There being no more required evidence the court, after due consideration, reports the following facts:
That the USS Enterprise-D was lost in orbit about Veridian 3 on stardate 48650.1 after a brief battle with a renegade Klingon Bird of Prey. The Warp Core breached due to loss of coolant and, because it could not be ejected, exploded destroying the Engineering Hull. The Saucer section suffered irreparable damage when it crash-landed on the surface of the planet after successfully separating from the Engineering Hull with the full ships crew evacuated or accounted for.
That we fully and entirely exculpate from blame all on board said vessel at the time of the catastrophe there being no possible chance under the circumstances shown in the testimony of saving the vessel or preventing her from crashing.
That Commander William T. Riker breached General Order 15 but because of the extraordinary circumstances of the situation, no conviction be recorded.
N. Nechayev, Fleet Admiral
O. Paris, Vice Admiral
P. Louvois, Fleet Captain
The cheer that went up was allowed to continue for a matter of seconds until the Master at Arms ordered for all to rise whilst the members of the bench retired.
In the antechambers to the courtroom, the four members of the Board showed their relief that the ordeal of the inquiry was over for them as well. Nechayev made straight for the desk and logged on to start clearing the backlog of her regular work. Owen Paris got a mug of coffee from the replicator and slumped onto the lounge, whilst Louvois and Solok bustled about gathering their personal belongings. Solok was the first to leave, followed by Louvois after some polite small-talk with Admiral Paris. Owen Paris sat rolling his coffee around in it's mug until Nechayev finally looked up from her terminal ...
“Come on Owen, spit it out.”
He looked up from the cooling coffee, suppressed anger boiling in his eyes.
"Off the record?”
Nechayev snorted. “You know as well as I do, nothing is ever off the record.”
“I need to know. Riker admitted in court that he had broken a Starfleet General Order by letting his commanding officer put himself in danger. It was your vote that saved his skin, Alynna, why?"
"It is not for us to lay blame and deliver judgement. Our task was to collect facts, draw conclusions from those facts and make recommendations for further action. In this case the majority conclusion was that a breach of regulations had occurred but that Commander Riker had been right in doing so.’ She pinched the bridge of her nose to banish the fatigue that was fighting for release within her. “We went through all this. If he had followed regulations, the mission would have been a failure and a whole planet would have been wiped out."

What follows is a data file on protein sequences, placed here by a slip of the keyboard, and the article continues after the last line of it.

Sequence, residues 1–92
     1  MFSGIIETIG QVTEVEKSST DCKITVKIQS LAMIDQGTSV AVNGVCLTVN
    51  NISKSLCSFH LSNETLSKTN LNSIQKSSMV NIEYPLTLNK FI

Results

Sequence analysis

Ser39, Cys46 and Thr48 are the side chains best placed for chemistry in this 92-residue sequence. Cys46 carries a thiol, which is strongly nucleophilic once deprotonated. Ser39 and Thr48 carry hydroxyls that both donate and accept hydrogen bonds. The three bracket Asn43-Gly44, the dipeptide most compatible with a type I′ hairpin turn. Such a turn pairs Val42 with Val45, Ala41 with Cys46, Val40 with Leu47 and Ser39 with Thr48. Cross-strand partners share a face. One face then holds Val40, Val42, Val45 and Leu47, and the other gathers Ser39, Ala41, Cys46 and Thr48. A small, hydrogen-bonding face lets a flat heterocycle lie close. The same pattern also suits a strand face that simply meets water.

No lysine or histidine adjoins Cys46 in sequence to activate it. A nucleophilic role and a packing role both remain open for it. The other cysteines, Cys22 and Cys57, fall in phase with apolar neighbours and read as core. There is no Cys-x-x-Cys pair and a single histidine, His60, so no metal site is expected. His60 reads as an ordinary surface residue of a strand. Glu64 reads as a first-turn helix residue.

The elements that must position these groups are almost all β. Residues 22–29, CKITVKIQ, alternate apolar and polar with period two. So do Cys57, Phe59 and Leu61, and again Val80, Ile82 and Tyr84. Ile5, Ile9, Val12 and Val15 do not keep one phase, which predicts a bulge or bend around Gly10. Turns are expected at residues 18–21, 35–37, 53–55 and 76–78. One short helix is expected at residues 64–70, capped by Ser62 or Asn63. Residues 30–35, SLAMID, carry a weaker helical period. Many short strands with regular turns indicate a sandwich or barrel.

The grizzled old man opposite here rose from the lounge and slammed the coffee cup down on the table before her anger written in his face.
"Isn't this sending the message that in certain circumstances, rules can be broken? Was this what the Enterprise died for?"
Nechayev was surprised although she could not allow it to show. She had known all along that Owen Paris had not wanted to have anything to do with this Inquiry, but she had wanted his opinion as a counterpoint to her own. Perhaps the memories of his own son's court martial were just too painful for him? Surely not! Owen Paris was many things but he was neither weak nor a fool. She felt inclined to give him some leeway on this and overlook the breach of protocol.
"Come now Owen, you know the old saying from Academy as well as I do: rules are for the guidance of wise men and the obedience of fools. No one is suggesting that obedience to regulations be construed as optional I would not like to think that Starfleet is made up of fools. Any Starfleet officer can break General Orders if he believes he can convince a Court Martial that it is justified." The steely-eyed woman smiled grimly. "I have known it to happen three times in my career."